Last week, Pandit Jasraj, living legend of the Mewati gharana, turned 90. A gharana like Pandit Jasraj’s comes into existence when at least three generations of family perform the same style of music. To keep the tradition alive, musicians must pass on their legacy to the next generation.
The Padma Vibhushan-awardee vocalist, who has performed all over the world at most music festivals, is renowned for ‘ kann ki gayaki ’ (music of grace-notes). The maestro passionately believes every musician should consider their musical notes as god and pay close attention while presenting a raga .
Mewati gharana is known for its refined aesthetics and inclination towards spirituality. “The gayaki (style) of my gharana has touched people from across the world and has made Indian classical music more popular among them,” said Jasraj, who is famous for his rendition of haveli sangeet, an ancient form of Indian classical music performed in temples to invoke god.
With young musicians like Swar Sharma and Ankita Joshi, Pandit Jasraj believes his gharana has a bright future. “Though there are many students learning under my gharana in various parts of the world, these two are the ones I am banking on for the future of Mewati gharana,” said the maestro, reminiscing a recent performance by vocalist Aditya Shah from the Pandit Jasraj Music Foundation, Florida, that deeply moved him.
Durga Jasraj, the maestro’s daughter, believes her father has made an unrivalled contribution to Indian classical music across the world. He is the first Asian under whose name the Queen’s University in North America awards scholarships. “There are hundreds of students the world over who are learning at various music schools named after Pandit Jasraj. There is also an auditorium named after him in New York,” said Durga, who believes that the schools in her father’s name are ambassadors of Hindustani music and are taking the legacy forward. For instance, there are more than five Mewati music schools in Kerala alone, where over 300 students graduate every year. “You may think there should be a domination of Carnatic music in Kerala, but it’s the gayaki of this gharana that has made Hindustani music popular even in the Southern part of the country,” said Pandit Jasraj.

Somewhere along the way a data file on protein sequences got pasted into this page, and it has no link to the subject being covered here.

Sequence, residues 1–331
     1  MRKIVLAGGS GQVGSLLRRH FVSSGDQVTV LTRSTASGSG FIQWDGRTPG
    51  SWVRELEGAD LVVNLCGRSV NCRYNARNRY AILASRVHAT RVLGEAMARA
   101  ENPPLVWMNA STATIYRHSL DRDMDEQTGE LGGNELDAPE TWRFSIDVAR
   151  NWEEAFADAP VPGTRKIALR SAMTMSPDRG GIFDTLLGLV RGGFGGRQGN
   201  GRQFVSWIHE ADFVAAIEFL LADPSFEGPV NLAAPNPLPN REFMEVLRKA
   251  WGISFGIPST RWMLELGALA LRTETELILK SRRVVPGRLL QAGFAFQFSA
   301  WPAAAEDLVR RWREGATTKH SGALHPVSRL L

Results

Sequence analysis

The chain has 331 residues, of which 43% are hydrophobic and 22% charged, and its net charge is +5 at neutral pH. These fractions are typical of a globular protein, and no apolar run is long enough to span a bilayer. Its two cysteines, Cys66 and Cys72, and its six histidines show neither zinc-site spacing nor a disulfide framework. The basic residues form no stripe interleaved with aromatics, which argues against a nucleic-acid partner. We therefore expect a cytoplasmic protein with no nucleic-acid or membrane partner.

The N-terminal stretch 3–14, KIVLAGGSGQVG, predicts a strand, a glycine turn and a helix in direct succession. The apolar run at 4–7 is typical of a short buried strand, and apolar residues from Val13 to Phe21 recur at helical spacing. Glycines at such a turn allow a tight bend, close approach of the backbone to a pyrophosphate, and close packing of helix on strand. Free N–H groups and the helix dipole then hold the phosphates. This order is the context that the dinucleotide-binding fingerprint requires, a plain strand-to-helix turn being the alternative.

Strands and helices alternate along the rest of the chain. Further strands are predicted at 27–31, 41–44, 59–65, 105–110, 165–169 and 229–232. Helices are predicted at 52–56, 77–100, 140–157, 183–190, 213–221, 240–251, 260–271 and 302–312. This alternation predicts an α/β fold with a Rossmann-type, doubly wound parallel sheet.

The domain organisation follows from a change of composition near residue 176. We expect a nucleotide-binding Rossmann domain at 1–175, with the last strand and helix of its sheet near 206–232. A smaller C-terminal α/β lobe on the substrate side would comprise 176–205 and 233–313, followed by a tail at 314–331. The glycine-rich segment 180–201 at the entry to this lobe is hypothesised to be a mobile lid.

Durga said bapuji (her father) has always believed in vidya daan, where students come and stay with him to learn music. Pandit Jasraj recalled how as a nine-year-old, Ms. Joshi approached him to be her guru. “I was invited to perform at the Sawai Gandharva music festival in Pune by Pandit Bhimsen Joshi. No one was allowed to enter the green room. Suddenly, a girl came up to me and asked me if I would be her guru,” said Pandit Jasraj. “I was taken aback to see how she entered the green room with security guards around, and asked her that. The little girl had travelled 200 km to Pune. How could a green room keep her out?” He believes that this type of determination towards music makes an artiste big. “She has been here with me ever since,” said Pandit Jasraj, who also had a piece of advice for budding musicians. “Consider your guru as foremost; that is what music is all about.”
Pandit Jasraj is the only musician to have performed in all continents including Antartica: at the Oceanus Lounge on board the Sea Spirit Cruise in 2012. A notable achievement is of having a minor planet named after him. The International Astronomical Union has named minor planet 2006 VP32, discovered on November 11, 2006 as ‘Panditjasraj’, which traverses the cosmos between the orbits of Mars and Jupiter.